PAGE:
With inflation rising and recession fears, pay attention to these 3 key numbers in corporate earnings reports

By Andrew Keshner

This earnings season comes as investors have a series of nagging questions about the economy.

People deciding where to invest their money – or even if they even should – ask themselves questions about the possibility of a recession, the degree of inflation that is stifling consumer demand, and when prices will could drop.

Now that earnings season is about to begin, they’ll get the answers from Corporate America.

Starting this week and running through July, publicly traded companies across the country are expected to reveal their second-quarter earnings and share their best guesses on what to expect for future results.

The big banks kicked off the season on Thursday with the report from JP Morgan (JPM) and Morgan Stanley (MS). Shares of both banks were down on Thursday after earnings missed estimates. Companies such as Bank of America (BAC), Tesla (TSLA), Netflix (NFLX) and American Express (AXP) are expected to report next week.

The parade of profits, losses and projections occurs quarterly under US rules. The figures also offer insight into the financial health of consumers and the economy in general.

This time, the earnings season coincides with a volatile bear market that is rocked by all sorts of questions: what to make of Omicron’s subvariants or China’s lockdown policy and its supply chain implications? ? Where are oil prices headed as the Russian invasion of Ukraine continues?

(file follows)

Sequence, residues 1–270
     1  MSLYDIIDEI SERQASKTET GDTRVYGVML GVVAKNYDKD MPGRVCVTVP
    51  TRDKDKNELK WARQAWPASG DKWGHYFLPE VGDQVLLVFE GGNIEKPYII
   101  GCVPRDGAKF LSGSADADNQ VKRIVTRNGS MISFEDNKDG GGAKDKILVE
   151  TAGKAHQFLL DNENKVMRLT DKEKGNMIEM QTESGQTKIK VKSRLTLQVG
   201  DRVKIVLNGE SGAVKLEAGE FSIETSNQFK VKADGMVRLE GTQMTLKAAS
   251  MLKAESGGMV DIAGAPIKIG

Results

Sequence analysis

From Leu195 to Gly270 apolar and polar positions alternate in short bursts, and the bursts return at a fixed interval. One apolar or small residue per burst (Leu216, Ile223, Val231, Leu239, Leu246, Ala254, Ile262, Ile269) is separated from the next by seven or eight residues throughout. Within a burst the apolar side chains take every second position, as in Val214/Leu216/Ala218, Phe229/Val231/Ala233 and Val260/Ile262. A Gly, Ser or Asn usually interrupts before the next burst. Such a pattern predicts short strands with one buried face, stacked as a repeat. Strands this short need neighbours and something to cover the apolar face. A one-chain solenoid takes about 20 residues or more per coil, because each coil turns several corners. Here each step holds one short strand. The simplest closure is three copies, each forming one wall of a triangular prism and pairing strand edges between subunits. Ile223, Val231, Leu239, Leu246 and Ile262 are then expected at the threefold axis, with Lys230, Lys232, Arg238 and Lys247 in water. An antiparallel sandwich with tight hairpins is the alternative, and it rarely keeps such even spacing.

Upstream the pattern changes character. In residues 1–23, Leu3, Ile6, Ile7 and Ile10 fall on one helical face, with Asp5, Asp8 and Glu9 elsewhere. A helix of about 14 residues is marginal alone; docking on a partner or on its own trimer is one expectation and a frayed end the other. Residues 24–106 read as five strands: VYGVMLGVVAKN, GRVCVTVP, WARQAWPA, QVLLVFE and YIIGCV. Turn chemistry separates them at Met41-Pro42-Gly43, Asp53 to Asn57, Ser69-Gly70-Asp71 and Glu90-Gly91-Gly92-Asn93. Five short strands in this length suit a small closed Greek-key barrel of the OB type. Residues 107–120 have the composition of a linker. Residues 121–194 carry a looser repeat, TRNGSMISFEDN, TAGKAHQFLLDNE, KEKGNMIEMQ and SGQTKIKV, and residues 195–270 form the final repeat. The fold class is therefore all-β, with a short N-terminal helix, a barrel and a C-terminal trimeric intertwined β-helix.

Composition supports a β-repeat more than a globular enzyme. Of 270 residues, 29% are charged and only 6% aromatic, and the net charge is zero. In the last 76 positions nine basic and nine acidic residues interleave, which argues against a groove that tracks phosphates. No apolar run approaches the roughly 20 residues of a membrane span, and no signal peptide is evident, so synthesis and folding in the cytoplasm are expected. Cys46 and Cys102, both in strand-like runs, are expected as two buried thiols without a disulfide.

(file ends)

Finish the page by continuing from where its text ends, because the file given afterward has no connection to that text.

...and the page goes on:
How has US consumer demand weathered high inflation for four decades? That point was underscored by Wednesday’s inflation data showing the cost of living rose a more than expected 9.1% year-on-year in June.

And, of course, what is the chance that all of this will result in a recession?

Don’t dismiss earnings reports and calls as public relations because they can provide real insights, said Bryan Routledge, a professor at Carnegie Mellon University’s Tepper School of Business. And useful information is now scarce, he added.

“Information is more important when the world is more unstable. … The range of information, the slew of things that could influence those revenues, are much more important now than the simple world we lived in three years ago. ”

The Dow Jones Industrial Average, S&P 500 and Nasdaq Composite all opened sharply lower on Thursday. The Dow Jones lost about 550 points, or 1.8%, the S&P fell 1.5% and the Nasdaq fell 1.4% as investors braced for earnings season and pondered the next decision of the Federal Reserve to control inflation.

Stock picking is risky business

“There are more questions to answer this earnings season than any previous earnings season that I can remember,” said Victor Jones, chief global strategist at tastytrade, which offers brokerage services and a training of traders. They include how consumer behavior changes and who benefits — not — as a result, he said.

“Answering questions, instead of more questions, would be a welcome phenomenon for market participants at this stage,” Jones added.

Company cash flow, profit margins and any forward guidance are three important things to get answers to, Jones and other experts told MarketWatch.

Then it comes down to whether investors with quarterly results should even act on those answers.

Stock picking is risky business in any market, let alone this one. The same goes for quick buys and sells based on earnings results, especially during the extended session when many companies release their numbers.